UK mobile punters get swift network switcheroo ability
Still a major faff, though
Mobile customers can now change networks in 24 hours – if they can be bothered to negotiate the sped-up but still complicated process.
The accelerated process was mandated by Ofcom last year, but the operators have had 10 months to get their systems up to speed. Operators and should now be able to provide a Porting Authorisation Code (PAC) code immediately (or by text within two hours) to their customers. The new operator should be able to connect the customer within the following 22 hours.
That's half the time it used to take. It's hard to imagine that the two-day transfer period has prevented many customers from changing networks, so tightening the process is unlikely to change the industry significantly, and it's a long way from the total reform that campaigners were hoping for.
There remain two significant problems with the UK's porting system. Firstly it remains donor-led; the network that is losing the customer has to provide a PAC code before the customer can leave. Operators are now required to hand over a PAC code immediately (on the phone) or by text within two hours. But extracting the information isn't always as easy as it should be, as this chap talking to Three demonstrates:
To be fair to Three it has apologised for this incident, and claims to be much better now. But this is still indicative of how the rules can be stretched.
The second problem is that numbers remain the property of the donor network, which forwards calls onto the recipient network forever. That means the donor network's termination rate is paid, hurting Three, which is supposed to get a bigger termination rate to provide a leg-up. That also causes huge problems if the donor network goes titsup, which is rare but has happened.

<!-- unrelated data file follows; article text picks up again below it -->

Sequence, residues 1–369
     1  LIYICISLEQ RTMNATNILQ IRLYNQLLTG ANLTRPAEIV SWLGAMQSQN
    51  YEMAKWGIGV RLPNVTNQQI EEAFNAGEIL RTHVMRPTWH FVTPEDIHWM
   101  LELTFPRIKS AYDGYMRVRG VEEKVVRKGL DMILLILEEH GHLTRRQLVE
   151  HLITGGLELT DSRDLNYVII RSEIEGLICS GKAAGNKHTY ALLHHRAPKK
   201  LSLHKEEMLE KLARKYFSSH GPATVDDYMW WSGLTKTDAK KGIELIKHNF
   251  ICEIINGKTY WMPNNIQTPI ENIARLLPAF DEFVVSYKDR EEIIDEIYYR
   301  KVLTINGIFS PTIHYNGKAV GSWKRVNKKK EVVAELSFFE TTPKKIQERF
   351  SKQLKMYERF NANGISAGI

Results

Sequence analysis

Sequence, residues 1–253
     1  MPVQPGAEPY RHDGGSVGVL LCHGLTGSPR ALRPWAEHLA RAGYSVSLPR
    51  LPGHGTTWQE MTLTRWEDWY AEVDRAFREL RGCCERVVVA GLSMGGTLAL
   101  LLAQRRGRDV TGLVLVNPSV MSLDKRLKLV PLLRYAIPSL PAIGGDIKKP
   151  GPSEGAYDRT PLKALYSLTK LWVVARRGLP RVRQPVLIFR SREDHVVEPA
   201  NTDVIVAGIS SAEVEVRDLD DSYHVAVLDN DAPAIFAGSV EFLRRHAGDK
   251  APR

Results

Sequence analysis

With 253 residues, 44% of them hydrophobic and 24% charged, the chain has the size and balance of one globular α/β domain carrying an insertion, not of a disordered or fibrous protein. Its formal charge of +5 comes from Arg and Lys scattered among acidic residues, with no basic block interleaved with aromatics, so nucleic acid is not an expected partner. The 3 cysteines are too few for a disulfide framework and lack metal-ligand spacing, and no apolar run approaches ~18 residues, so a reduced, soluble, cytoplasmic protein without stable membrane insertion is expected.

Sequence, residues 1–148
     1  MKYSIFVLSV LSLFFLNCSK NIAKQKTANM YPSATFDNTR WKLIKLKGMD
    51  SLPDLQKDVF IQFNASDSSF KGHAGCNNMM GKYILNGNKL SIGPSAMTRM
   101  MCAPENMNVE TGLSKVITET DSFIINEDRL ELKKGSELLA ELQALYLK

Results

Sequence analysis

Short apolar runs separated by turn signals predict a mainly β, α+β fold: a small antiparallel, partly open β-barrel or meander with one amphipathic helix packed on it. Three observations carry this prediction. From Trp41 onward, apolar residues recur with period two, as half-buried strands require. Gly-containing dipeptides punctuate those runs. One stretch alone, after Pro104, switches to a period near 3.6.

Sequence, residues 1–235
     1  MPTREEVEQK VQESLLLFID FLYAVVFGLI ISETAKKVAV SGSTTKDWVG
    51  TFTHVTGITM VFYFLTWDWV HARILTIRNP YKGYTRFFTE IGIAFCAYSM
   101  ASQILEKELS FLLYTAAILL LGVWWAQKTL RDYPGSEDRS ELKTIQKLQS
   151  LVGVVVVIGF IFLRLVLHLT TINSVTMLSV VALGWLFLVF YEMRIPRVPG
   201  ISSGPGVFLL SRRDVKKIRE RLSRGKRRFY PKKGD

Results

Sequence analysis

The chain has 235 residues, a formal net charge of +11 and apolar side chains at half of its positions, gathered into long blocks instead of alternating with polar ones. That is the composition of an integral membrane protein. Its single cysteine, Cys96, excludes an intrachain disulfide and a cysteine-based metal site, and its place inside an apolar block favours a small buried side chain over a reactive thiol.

But the industry successfully argued that recipient-led porting would lead to customers being slammed - changing networks without their permission, as happens with gas and electricity suppliers every now and then - and that reforming the call-forwarding system would be ruinously expensive, despite the fact that Ireland and several other countries run such a system without any problems.
The reduction to single-day porting means everyone can claim a victory, despite the fact that it changes very little indeed. But if it was that 48-hour wait which previously put you off changing operators, then Ofcom has a guide showing you how to take advantage of the speedier process. ®
Class phone call... the guy did very well to hold his cool for so long... I'd have lost the plot!
Personally Ive been with VF for about 12 years, but simply phone and threaten to leave at the end of every contract and negotiate a decent deal.
I've never had any problems with any of the networks i've moved away from, they ask why you are leaving and perhaps they can offer a better deal "well it's a 12 month contract, with 12 months line rental worth of cashback and a free phone, if you can beat that i'll definitely be interested" "ok i've put your request through and you should get the code shortly..." (although current contract is 18 months with 18 months line rental back, 12 month contracts are getting harder to find...)
hmm. Nothing I can say good about them - I think their biggest problem is the total lack of proper customer services. Outsourcing to India just pisses off your customers when the person cannot understand you, you cannot understand them and in the end they still fuck up everything.
I had to call their head office to get them to cancel my contract.
Now I refuse to have any dealings with businesses who do not have UK based call centres.
Needless to say, I would not go back with 3. I wonder if any of these companies actually realize the the damage to their businesses that these Indian call centres are doing?